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Comment S&P 500 Companies probably still came out on t (Score 1) 113

Sure they lost a huge chunk of money. But if they had housed their own data, how much would that have cost them up to this point? I wonder if it would have cost more than 150 million. But to address the issue, they should get some redundancy. Mirror across several clouds if need be. It makes me wonder if mirroring would still give them an economic edge vs hosting their own hardware and all the support that requires in additional to the hardware costs.

Comment Re:The security firm provides a competing product (Score 1) 188

They could have been credited with all known vulnerabilities but if they waited 3 months for all the other cases and not this one, then they are still suspect in my eyes. The lawsuit doesn't mean jack until they release the security advisory, so there was no reason not to sit on the 3 months waiting period.

Comment Based on the article, PwC was in the right (Score 1) 188

In an email, a spokesperson for PwC acknowledged the existence of the vulnerability and confirmed that it had been fixed.

The spokesperson also said in separate prepared statement: "The code referenced in this bulletin is not included in the current version of the software which is available to all of our clients."

It seems the article does a poor job of being impartial. Despite the above quotes, they continue with:

It's far from the first time that a security firm or its researchers have faced the wrath from a company that fights instead of fixes.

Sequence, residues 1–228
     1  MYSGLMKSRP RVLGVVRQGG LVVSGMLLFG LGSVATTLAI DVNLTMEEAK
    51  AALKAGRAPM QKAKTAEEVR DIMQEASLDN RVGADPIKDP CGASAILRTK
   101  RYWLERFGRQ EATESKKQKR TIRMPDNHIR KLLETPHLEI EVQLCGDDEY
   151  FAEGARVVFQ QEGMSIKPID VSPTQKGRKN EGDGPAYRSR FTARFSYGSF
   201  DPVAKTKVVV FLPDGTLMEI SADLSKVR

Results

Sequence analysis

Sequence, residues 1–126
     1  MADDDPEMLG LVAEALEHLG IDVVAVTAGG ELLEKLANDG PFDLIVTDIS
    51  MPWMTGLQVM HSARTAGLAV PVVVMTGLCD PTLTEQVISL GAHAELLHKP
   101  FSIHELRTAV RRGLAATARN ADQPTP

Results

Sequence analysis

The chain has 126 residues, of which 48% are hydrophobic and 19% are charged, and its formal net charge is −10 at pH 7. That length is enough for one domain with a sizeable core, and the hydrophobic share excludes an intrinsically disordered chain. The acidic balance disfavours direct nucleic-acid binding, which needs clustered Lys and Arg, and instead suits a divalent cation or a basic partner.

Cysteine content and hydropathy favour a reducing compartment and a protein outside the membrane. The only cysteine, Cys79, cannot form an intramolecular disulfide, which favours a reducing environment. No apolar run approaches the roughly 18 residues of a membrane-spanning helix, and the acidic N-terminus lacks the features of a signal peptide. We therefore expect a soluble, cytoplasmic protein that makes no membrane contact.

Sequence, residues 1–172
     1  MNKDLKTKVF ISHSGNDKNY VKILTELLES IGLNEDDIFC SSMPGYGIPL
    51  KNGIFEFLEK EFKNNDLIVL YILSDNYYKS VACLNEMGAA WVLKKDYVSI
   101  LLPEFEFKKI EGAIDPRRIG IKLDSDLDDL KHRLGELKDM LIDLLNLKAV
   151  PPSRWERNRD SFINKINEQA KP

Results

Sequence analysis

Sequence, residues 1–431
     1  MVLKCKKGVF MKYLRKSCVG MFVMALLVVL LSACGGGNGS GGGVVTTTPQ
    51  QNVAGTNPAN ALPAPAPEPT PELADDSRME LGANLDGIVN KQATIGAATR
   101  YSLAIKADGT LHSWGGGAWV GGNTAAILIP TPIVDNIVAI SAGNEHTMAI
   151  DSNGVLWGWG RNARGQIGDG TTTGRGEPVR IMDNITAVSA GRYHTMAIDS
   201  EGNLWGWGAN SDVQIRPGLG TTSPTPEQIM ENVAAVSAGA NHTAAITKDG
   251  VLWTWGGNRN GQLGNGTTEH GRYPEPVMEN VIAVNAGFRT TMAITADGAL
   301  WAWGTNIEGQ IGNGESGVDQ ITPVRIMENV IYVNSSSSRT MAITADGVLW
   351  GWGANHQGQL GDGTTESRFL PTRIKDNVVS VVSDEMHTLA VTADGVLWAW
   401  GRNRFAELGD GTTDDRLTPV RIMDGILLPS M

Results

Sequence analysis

I am not sure what to make of this since there is still too much information being withheld from both PwC and the article and ESNC.

Comment Re:In before whining about Thiel backing Trump... (Score 1) 165

I actually did read the article. Here's essentially the same comment (without Trump/Thiel referenced): https://slashdot.org/comments.... The fact that the program didn't start like that is just more support for why Thiel is not the reason behind the success. The program didn't become successful until it started recruiting already-successful candidates. So in effect, the program is successful because it basically "bought" its success through its selection process. For the record: I don't like neither Trump (compulsive liar who likes to inflate the truth and take credit for things he had little to nothing to do with) nor Hillary (also a liar and complete fraud).

Comment Genius my ass... (Score 4, Insightful) 165

It's nothing more than a common watering hole for all the already-successful young entrepreneurs to all gather. Let's see, basically get a bunch of already successful young people and throw more money at them and give them even more opportunities to succeed... and they do it!? *rolls eyes*

Comment Re:Terrible decision, regardless of patent feeling (Score 1) 100

It does involve constitutionality. The constitutionality of any law passed by Congress must be be weighed by the possibilities of that law. (McCollough vs Maryland and Brown v Maryland). If the monetary award is a penalty against Samsung, it can be argued as excessive in the light of only a component of their phone was infringing (and both parties agreed that the infringing design could be be considered a component). Article 8 of the Constitution prohibits excessive fines.